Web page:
Postage prices are rising — again — as inflation woes hit the US Postal Service's budget. Here's how much it will cost you.
The price of stamps is increasing again as the US Postal Service struggles with inflation.
The non-expiring Forever stamp will rise from 60 to 63 cents starting January 22, per the USPS.
The postmaster general said in August that inflation would add $1 billion to the USPS budget.
The price of postage is about to increase as the US Postal Service works to wrangle its cost of operations amid economic inflation.
Prices for some postage stamps will increase by about 4.2% — or a few cents per stamp — starting January 22, according to the US Postal Service.
The Forever stamp will increase from 60 to 63 cents, amounting to the third increase for the non-expiring stamp in the last year and a half, according to USPS data. In August 2021, the Forever stamp's price rose from 55 to 58 cents, and it jumped again to 60 cents in July 2022, the data shows.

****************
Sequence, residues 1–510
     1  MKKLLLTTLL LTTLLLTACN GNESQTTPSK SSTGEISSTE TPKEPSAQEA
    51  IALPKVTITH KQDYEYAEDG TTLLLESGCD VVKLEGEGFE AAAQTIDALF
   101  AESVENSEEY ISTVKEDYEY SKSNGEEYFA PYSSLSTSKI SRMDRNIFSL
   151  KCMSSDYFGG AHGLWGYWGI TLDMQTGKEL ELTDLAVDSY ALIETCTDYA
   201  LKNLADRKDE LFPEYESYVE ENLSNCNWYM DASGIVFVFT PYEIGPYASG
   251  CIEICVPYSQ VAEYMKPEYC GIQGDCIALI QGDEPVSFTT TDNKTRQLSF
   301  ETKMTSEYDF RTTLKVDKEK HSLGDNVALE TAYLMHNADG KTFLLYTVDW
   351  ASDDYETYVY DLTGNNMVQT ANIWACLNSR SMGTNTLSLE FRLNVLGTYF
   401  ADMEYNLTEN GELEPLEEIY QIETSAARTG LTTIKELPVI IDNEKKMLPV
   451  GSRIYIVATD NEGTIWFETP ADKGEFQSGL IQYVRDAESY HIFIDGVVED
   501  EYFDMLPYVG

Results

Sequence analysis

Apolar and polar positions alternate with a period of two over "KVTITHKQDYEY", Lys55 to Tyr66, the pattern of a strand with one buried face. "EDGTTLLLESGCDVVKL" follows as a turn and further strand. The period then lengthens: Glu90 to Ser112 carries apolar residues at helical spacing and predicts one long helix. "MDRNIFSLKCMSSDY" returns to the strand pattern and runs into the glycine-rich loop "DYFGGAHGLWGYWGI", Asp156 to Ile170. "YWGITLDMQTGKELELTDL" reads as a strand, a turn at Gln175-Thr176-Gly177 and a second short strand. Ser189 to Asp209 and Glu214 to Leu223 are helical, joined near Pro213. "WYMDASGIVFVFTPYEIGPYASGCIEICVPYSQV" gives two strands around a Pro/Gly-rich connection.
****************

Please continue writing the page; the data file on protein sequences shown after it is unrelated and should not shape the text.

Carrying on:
For metered 1-ounce letters, the price of stamps will rise from 57 to 60 cents, and international letters will increase by $1.40 to $1.45 per ounce, according to the postal service. The price of postage for domestic postcards will increase from 44 to 48 cents while international postcards will see a jump from $1.40 to $1.45, per USPS.
The postmaster general said in August that service would require a rate increase as inflation was predicted to add over $1 billion to the USPS budget, according to The Associated Press.
The USPS doesn't usually receive tax funding and "relies on the sale of postage, products and services to fund its operations," according to the department.
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